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kristin 02-04-2007 12:39 PM

Clearning an iced up vent
My furnace stopped working last night, of course, because its about 3 degrees outside. However, this is a condo so I'm insulated on 3 sides and have a fireplace. The HVAC is a Payne condenser and is 5 years old. I'm getting error code #31 which is the draft failsafe.

The vent is made of PCV and runs 8 feet out from the external wall to the end of the deck. When I went out to look this morning, sure enough, there was a huge ice cycle dangling from the end. I banged it around with a hammer for a while and a bunch of ice fell out. I reset the furnace and fired it luck. The vent is so loooong that I don't know how to get all of the ice out. The cold snap is going to last another week, so waiting for a thaw is not an option.


Mike Swearingen 02-04-2007 02:03 PM

Thaw out the PVC exterior vent line frost ice with a hair dryer on High Heat. Start from the outer end. (Do NOT use flame of any kind,,,it will cause a steam explosion.)
If you know anyone with a wet/dry shop vac, that might help clean it out, too, after you begin to thaw it loose.
Heat the outside of the PVC pipe, primarily.
Good Luck!

tvlfleming 02-04-2007 06:42 PM

Mike has the right idea with the hair drier. I would suggest once its thawed out to install a 90 degree elbow in the end of your pipe with the opening facing down to stop the snow or rain from entering the pipe causing the ice buildup.

#CARRIERMAN 02-04-2007 07:52 PM

Hi kristin

Mike is right, for a quick fix use a hair dryer on high heat and get the ice out. Tvlfleming had a good idea on the elbow, however on a concentric you do not have that option. If you restrict the flow of exhaust gas enough with adding things to it, it will not work on the cold nights. The best permanent remedy is to get a self regulating heat tape from your local hardware store and wrap the flue concentric from the inside of the house. You will only have to run the heat tape during the cold winter months. Unplug it in the summer time, hope this helps.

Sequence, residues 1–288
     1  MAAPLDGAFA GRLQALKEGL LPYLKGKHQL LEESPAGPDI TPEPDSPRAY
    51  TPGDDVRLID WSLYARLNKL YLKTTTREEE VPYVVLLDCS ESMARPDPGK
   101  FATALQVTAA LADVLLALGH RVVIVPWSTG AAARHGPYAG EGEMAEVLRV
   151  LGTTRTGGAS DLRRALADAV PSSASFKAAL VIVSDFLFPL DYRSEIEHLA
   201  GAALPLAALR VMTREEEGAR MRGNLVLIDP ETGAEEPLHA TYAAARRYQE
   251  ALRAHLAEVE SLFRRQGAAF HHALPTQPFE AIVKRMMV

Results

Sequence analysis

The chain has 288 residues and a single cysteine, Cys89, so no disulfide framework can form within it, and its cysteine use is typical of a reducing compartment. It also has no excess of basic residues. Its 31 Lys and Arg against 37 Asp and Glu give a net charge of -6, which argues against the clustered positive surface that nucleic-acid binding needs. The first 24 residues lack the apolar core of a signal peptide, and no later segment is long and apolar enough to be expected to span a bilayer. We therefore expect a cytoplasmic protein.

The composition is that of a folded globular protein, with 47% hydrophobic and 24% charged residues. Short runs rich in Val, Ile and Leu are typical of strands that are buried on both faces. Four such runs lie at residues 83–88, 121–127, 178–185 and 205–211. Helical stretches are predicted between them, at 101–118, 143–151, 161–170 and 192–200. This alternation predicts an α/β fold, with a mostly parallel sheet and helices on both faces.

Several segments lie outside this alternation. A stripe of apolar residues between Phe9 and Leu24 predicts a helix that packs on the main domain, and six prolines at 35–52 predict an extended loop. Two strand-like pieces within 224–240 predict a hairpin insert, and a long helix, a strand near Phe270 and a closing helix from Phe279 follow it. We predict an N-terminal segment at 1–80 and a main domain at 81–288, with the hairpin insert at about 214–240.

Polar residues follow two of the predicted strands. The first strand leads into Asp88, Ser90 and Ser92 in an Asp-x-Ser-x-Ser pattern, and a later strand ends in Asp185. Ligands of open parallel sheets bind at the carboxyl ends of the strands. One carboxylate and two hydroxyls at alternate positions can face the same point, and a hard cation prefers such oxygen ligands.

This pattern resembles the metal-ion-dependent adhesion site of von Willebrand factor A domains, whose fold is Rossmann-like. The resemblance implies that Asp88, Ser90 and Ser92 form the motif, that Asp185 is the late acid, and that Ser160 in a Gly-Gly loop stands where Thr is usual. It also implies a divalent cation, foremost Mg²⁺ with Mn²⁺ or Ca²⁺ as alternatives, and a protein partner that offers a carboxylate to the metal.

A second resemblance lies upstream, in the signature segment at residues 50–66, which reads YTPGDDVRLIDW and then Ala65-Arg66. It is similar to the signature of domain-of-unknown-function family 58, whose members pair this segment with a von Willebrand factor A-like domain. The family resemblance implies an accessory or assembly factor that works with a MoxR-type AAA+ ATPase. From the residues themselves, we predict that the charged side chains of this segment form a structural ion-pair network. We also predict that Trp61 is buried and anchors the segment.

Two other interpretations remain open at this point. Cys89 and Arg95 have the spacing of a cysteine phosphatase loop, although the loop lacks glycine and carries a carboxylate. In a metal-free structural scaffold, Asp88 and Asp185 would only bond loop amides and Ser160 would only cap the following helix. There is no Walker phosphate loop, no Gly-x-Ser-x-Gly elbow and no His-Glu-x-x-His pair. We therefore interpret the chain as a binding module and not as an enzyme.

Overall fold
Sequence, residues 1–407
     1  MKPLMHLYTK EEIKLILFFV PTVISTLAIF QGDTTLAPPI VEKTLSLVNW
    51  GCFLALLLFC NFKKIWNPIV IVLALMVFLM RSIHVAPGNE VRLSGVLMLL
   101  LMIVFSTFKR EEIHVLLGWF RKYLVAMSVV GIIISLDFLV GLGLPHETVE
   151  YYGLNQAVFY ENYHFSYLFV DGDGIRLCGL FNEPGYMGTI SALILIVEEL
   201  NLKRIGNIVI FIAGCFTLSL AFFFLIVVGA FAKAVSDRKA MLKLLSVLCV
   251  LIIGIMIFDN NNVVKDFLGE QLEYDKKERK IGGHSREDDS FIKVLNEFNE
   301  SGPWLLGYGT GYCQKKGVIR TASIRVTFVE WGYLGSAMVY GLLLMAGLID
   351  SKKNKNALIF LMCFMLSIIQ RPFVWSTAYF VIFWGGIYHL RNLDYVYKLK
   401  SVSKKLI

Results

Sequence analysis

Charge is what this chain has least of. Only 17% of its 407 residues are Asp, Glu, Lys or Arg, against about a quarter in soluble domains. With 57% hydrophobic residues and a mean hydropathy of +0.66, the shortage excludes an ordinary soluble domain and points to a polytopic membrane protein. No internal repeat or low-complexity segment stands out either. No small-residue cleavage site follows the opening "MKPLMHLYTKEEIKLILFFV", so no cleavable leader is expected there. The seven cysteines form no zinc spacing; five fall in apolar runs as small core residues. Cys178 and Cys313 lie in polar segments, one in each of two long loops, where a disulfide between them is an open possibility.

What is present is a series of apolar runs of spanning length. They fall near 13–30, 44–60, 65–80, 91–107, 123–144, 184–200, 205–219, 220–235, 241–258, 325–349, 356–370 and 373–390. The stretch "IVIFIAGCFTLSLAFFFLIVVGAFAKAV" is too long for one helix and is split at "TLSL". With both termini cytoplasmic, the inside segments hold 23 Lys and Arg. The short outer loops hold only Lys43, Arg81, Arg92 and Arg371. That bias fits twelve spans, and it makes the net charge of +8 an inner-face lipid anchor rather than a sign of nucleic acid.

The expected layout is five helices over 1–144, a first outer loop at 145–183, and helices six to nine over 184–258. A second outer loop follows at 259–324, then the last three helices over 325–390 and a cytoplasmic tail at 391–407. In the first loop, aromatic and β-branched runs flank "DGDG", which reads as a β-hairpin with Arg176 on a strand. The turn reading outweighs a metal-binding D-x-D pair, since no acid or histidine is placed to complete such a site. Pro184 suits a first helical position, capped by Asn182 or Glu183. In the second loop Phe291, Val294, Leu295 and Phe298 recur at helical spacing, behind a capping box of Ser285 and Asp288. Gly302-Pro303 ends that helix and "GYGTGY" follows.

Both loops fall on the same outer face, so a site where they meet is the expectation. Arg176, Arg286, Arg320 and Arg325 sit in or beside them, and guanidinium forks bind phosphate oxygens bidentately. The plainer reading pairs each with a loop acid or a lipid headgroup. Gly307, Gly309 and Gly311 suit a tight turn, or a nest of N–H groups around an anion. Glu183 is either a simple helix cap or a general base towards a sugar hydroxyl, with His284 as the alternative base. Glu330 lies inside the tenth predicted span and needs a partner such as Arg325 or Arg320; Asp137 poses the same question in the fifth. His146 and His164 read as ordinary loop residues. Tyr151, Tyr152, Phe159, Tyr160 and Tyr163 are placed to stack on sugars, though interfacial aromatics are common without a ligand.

Good luck

kristin 02-04-2007 09:40 PM

What about fireplaces for heat?
I've got an enclosed gas fireplace...vented to the exterior wall. I've been using it almost all day for heat, only turning it off when I leave. I'm using a floor fan for circulation. My concern is can I be putting CO2 into my home?

Mike Swearingen 02-05-2007 12:01 AM

There are different types of gas log fireplaces. If yours was properly installed and vented per the manufacturers directions, it should be perfectly safe to use.
You should have a CO2 alarm as well as a smoke alarm, especially in any room with a fireplace, in any case.
Any interior fan helps distribute cool and warm air both, and make central HVAC systems more efficient. (We have one that runs 24/7/365 in our master bedroom.) Reversible ceiling fans are great for this, but we just use a regular oscillating fan sitting on a dresser.

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